Blockchain appears to be losing momentum as more and more institutional traders lose their belief in the technology, a recent survey by JPMorgan shows.
According to a recent survey conducted by JPMorgan among more than 4,000 institutional traders, an alarming shift in confidence can be noticed, as only 7% of respondents retain confidence in blockchain technology as a prospective asset over the next three years.
The figure marks a 72% significant decrease from 2022 when 25% of respondents viewed blockchain as a promising technology. Despite this decline, blockchain technology still holds the third position in terms of prospects, following API integration (13%) and artificial intelligence/machine learning (61%).
Regarding crypto, the survey found that 78% of respondents have no plans to trade digital assets, while 9% said they are already engaged in crypto trading. Additionally, 12% of respondents are considering entering the crypto market within the next five years.
It appears that the bottom is nowhere in sight, as reported by Galaxy Digital in Q3 2023. Both the number of deals completed and the total capital invested, marked the lowest figures for blockchain and crypto since Q4 2020. Analysts at Galaxy Digital note that the venture capital fundraising environment remains extremely challenging, but “may be improving.”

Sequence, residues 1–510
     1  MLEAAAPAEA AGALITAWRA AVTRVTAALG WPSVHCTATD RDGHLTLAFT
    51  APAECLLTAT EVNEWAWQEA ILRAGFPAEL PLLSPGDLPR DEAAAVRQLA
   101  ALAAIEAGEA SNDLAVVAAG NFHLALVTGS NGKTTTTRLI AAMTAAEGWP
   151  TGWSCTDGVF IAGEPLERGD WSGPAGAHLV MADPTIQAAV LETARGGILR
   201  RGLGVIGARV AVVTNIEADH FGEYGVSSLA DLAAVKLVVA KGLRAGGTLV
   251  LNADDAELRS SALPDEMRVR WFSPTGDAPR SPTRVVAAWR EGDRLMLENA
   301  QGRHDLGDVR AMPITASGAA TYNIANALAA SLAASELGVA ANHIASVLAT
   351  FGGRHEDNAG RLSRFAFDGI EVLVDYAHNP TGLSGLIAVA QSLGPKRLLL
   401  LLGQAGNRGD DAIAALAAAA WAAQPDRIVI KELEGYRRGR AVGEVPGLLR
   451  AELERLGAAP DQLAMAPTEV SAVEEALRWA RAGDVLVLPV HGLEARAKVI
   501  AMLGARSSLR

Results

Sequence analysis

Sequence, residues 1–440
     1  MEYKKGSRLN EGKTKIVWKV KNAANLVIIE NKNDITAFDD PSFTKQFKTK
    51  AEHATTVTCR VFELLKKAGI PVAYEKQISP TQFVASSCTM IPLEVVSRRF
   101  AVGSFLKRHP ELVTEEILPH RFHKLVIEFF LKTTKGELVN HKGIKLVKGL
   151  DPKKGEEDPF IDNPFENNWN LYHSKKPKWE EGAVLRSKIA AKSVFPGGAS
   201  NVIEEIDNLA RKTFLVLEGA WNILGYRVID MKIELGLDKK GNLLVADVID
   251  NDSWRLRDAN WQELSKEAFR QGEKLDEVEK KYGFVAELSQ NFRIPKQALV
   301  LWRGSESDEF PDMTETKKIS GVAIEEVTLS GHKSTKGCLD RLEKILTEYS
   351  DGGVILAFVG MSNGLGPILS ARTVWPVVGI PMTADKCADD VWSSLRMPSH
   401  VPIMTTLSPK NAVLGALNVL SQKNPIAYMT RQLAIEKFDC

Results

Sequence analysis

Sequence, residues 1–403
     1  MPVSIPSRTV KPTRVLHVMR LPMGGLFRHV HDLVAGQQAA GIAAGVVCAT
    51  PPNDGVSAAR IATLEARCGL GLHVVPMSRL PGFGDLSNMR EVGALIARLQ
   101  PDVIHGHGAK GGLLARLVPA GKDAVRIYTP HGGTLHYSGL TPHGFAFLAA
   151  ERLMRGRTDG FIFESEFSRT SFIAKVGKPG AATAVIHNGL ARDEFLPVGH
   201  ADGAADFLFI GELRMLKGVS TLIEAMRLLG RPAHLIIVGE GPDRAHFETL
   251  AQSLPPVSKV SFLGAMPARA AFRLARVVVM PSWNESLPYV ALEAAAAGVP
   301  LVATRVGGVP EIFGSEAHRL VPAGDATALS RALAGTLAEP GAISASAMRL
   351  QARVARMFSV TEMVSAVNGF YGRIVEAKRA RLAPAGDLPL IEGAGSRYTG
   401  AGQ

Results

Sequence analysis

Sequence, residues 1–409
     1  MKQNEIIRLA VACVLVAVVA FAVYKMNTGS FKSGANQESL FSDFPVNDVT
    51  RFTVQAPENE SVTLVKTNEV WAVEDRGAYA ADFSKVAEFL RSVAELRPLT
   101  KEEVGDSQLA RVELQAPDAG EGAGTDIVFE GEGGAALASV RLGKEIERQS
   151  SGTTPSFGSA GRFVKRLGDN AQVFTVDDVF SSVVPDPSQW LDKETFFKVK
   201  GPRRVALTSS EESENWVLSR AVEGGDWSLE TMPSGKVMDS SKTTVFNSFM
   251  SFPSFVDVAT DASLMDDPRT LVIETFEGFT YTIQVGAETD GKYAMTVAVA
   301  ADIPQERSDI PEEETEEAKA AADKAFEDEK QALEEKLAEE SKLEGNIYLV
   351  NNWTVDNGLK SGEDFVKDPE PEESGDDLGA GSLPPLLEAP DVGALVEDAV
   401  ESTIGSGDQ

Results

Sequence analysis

As of Q3 2023, the market witnessed $1 billion raised by venture capitalists, marking the first uptick since declines began in Q3 2022. Additionally, new fund launches increased to 15 from 12 in Q2. However, according to the firm’s research blog, median and average fund sizes have significantly decreased from their highs during the last bull run.
This article first appeared at crypto.news